Yang Shaobin – Midnight Chill

“…since 1999″: Yang Shaobin solo show

Alexander Ochs Galleries (Besselstrasse 14, Berlin) Sep 21–Nov 23, 2013 (extended)

Furnace-hot people, molten, abused, abusing, filled the paintings of Yang Shaobin (b. 1963), televisual violence and internet grotesquery playing to our sadomasochistic scopophilia. You couldn’t look away.

In 2009, he began exploring the other side of these images, removing the heat. They are still figurative and preoccupied with violence, but have shifted to a lower and colder register. His recent Berlin exhibition at Alexander Ochs Galleries showed nine new, large-scale paintings — blue monochromes. These “photographic negatives” look intensely at surveillance and the subject’s moral response point. The heat-sensitive camera is on, but no heat is detected.

Yang Shaobin,“Untitled”, oil on canvas,190 x 170 cm,2013
杨少斌,《无题》,布面油画,190 x 170 cm,2013

There are also quotes from the two most famous Spanish artists of the Late Renaissance and Baroque periods, Velazquez and the Cretan-born El Greco. The former is noted for his humanization – democratization? – of the then-prevalent tradition of idealistic representation, and the latter for his manipulation of form, particularly by stretching perspective and using strong color. Flagging such quotes so deliberately, Yang is simultaneously stating a case for looking at art, its moral role and his place in the painting canon. A mouth is left open in a Baconian scream (a Velazquez dwarf, with a hint of Marx); a masked and helmeted riot policeman observes from the turret of an armored car; a close-up of a young child, agitated, shows her watching something.

The paintings are very much about painting. White holes have been left in the blue skins, or painted onto them – here an egg shape, there the minute reflection on the tip of a nose. A shell lies at the foot of the seated dwarf, drawing attention to its interior space and infinite surface. And all over there is this luscious mélange of blues – including Midnight, Ultramarine, Cobalt and Prussian – not pellucid but deep, emotional and confusing.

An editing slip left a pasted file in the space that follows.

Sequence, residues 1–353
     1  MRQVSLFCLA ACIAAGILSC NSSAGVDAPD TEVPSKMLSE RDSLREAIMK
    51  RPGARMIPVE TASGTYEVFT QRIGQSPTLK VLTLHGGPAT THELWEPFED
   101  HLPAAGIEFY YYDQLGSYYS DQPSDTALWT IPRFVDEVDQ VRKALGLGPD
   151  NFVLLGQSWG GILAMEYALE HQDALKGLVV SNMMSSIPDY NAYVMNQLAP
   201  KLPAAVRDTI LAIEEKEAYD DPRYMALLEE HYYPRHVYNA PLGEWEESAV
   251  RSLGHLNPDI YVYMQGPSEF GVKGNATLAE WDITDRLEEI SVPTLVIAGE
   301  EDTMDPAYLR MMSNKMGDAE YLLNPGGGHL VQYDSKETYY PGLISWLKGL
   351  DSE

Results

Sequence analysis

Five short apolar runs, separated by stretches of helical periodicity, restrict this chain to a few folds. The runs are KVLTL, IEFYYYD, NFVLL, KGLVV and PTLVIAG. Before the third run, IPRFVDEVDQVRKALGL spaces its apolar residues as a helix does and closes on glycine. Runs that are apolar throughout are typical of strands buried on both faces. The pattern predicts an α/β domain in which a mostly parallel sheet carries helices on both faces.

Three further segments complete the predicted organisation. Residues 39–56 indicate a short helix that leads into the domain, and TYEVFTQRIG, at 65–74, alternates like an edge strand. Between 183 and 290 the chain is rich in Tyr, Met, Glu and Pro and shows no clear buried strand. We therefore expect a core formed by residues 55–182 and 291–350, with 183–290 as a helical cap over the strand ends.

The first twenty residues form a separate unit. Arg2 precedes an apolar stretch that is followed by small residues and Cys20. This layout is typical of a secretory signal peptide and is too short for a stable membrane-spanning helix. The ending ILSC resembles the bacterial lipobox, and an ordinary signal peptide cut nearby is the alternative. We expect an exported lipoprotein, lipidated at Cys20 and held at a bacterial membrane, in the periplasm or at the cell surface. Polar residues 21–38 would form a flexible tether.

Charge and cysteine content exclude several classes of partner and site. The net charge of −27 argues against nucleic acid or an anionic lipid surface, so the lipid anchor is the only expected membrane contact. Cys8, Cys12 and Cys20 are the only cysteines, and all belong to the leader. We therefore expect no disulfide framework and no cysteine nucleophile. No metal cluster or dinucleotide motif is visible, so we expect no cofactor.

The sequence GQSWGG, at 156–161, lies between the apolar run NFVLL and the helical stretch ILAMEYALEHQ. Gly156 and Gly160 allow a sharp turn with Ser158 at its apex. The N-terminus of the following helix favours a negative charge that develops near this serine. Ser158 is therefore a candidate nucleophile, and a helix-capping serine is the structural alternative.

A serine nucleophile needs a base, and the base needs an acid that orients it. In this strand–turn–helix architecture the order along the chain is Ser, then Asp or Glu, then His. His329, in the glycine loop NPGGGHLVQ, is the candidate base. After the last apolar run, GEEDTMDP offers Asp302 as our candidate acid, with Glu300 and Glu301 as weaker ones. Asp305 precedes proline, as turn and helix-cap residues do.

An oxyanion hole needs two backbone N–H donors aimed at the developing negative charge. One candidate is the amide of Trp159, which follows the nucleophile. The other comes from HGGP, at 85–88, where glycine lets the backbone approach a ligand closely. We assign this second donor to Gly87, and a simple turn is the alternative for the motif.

Yang Shaobin,“Untitled”, oil on canvas,140 x 180 cm,2013
杨少斌,《无题》,布面油画,140 x 180 cm,2013
Yang Shaobin,“Untitled No.2”, oil on canvas,280 x 210 cm,2012
杨少斌,《无题No.2》,布面油画,280 x 210 cm,2012

The key work in the series — the only one with any color besides blue — shows an ordinary man wearing a camouflage jacket, against a wall, in a defensive pose and with a resolute face. His foot transgresses but does not overstep a thin red/green line. He stands in a pool of pale blue light that climbs the wall. Or maybe there is no wall, just darkness – the spatial context is deliberately ambiguous, even recalling Barnett Newman’s zip paintings. The expression “the thin red line” originally came from an incident in 1854 during the Crimean War, in which a small group of British infantry routed a Russian Cavalry charge despite the odds against them. In 1892 the English writer and poet, Rudyard Kipling, used the line in a poem about the lot of the ordinary British Soldier, in slang called “Tommy Atkins” or “Tommies”, as popularized in the First World War. More recently, “The Thin Red Line” was the title of Terence Mallick’s celebrated 1998 film about U.S. soldiers in Guadalcanal, fighting the Japanese imperial army. In the pivotal closing scene, one soldier sacrifices himself to save his comrades. The “thin red line” in Yang Shaobin’s portrait, then, has various references, but these are not ambiguous. The “thin red line” in Kipling’s poem indicates another demarcation. Writing on Mallick’s film, David Thompson in The Guardian recently noted that it is also the line that separates the sane from the mad.

Yang Shaobin,“Untitled”, oil on canvas,85 x 80 cm,2013
杨少斌,《无题》,布面油画,85 x 80 cm,2013

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